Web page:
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Determination of pH of food products by using pH meter


The pH value or hydrogen ion concentration is a measure of the acidity or alkalinity (basicity) of a solution.

A neutral solution has a pH value of 7, an acid solution has a pH value less than 7, and a basic solution has a pH value greater than 7.

 A change of one pH unit corresponds to a 10-fold change in hydrogen ion concentration of the solution.


It is expressed as follows: pH = – log [H+], where (H+) is the hydrogen ion concentration of the solution in moles per liter.

The pH value is determined by measurement of the electromotive force of a cell consisting of an indicator electrode (an electrode responsive to hydrogen ions viz., glass electrode) immersed in the test solution and a reference electrode (calomel electrode), contact between the test solution and the reference electrode is usually achieved by means of a liquid junction, which forms part of the reference electrode.

The electromotive force is measured with a pH meter, that is, a high impedance voltmeter calibrated in terms of pH.


  • Apparatus
  • Electrodes and Potentiometric Equipment – Calibrated against known buffer
  • solution.
  • Conical Flask
  • Reagents
  • Buffer Solutions – of known pH values of 4.0, 7.0 and 10.0


  • Place 10 g of the test sample in a dry conical flask and add 100 ml of cool, recently boiled distilled water.
  •  Agitate the flask until an even suspension, free from lumps, is obtained.
  • Allow the suspension to stand at 25°C for 30 minutes, agitating continuously or intermittently in such a manner as to keep the starch particles in suspension.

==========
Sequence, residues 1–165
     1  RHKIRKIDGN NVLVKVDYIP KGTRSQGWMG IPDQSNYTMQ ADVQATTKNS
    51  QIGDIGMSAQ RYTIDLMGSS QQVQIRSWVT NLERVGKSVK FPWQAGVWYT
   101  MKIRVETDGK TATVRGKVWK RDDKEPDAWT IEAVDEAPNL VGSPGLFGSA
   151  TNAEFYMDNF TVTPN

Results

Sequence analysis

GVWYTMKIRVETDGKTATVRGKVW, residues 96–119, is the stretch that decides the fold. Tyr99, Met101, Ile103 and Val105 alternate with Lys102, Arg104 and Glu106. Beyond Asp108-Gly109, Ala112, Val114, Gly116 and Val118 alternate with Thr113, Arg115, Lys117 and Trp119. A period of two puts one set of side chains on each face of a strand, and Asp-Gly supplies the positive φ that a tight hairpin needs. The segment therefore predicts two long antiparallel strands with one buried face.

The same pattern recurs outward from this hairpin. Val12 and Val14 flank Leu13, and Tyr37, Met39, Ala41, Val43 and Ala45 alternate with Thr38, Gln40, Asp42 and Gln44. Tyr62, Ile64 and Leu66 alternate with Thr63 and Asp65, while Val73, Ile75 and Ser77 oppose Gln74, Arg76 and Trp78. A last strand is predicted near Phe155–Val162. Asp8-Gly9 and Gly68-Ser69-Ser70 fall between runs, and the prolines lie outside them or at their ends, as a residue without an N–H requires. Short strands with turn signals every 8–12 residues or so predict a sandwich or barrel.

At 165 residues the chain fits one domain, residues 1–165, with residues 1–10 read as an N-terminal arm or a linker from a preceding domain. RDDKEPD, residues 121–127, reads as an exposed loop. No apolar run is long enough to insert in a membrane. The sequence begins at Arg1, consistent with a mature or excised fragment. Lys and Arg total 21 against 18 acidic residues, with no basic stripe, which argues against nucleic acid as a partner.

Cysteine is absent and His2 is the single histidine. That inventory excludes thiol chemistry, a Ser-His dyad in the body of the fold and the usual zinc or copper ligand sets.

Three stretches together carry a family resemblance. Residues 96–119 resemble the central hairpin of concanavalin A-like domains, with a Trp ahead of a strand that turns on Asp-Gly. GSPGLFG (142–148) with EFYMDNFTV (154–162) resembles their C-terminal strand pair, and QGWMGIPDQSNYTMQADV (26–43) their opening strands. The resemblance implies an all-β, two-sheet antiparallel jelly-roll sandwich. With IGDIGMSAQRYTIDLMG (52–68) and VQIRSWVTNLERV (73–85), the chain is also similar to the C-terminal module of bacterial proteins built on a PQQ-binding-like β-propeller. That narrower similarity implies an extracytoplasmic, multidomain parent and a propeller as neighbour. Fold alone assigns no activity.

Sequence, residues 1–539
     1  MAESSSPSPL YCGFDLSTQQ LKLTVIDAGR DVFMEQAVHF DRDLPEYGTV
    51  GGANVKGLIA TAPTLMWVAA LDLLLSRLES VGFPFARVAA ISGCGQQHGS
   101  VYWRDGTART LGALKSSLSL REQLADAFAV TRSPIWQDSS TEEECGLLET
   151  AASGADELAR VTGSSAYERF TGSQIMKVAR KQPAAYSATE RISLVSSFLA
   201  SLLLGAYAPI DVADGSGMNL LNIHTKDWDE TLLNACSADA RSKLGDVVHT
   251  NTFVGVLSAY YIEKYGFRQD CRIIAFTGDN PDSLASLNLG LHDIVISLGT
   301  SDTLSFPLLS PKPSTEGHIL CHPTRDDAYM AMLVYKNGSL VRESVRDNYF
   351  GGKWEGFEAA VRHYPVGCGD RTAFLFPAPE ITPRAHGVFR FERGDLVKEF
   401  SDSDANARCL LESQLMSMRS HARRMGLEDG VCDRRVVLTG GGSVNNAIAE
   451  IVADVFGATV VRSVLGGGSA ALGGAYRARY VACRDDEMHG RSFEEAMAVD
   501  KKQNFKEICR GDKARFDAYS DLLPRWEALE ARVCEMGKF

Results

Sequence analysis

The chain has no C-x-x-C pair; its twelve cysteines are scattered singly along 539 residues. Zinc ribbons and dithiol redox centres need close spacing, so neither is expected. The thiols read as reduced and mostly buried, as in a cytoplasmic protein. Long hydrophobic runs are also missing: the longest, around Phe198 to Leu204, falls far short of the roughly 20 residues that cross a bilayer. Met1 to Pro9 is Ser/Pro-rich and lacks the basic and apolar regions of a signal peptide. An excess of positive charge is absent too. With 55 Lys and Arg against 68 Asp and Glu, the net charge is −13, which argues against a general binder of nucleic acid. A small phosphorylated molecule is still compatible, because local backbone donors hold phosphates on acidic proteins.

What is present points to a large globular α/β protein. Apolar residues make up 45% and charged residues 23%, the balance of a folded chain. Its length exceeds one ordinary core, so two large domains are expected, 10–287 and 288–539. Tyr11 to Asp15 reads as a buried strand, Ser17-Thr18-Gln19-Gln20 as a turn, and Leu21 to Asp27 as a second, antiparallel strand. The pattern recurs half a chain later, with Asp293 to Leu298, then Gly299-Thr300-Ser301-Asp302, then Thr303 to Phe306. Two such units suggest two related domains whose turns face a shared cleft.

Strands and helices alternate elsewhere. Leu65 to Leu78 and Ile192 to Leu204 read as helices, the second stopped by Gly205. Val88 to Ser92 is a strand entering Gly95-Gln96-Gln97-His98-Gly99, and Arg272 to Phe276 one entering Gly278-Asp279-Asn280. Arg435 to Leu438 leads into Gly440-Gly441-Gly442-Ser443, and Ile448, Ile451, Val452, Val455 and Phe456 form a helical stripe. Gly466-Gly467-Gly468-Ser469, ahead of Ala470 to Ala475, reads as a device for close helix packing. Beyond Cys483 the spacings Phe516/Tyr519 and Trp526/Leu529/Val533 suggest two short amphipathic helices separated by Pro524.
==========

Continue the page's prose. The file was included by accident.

• Let it stand for 10 more minutes.
  • Decant the supernatant liquid into the electrode vessel and immediately determine pH using a potentiometer and electrodes which have been calibrated against known buffer solutions.


The absolute difference between two independent single test results obtained using the same method on identical test material in the same laboratory by the same operator using the same equipment within a short interval of time, will not more than 5% of cases exceed 0.04 pH units.


  • The temperature of the test sample solution during the time of analysis should be reported along with the pH value.
  • Boiled and cooled distilled water should be used for the dilution/dispersion of the sample.
  • Oil and grease may interfere by coating the pH electrode and causing a sluggish response. These coatings can usually be removed by gentle wiping or detergent washing, followed by distilled water rinsing.
  •  Additional treatment with hydrochloric acid (1%) may be necessary to remove any remaining film.

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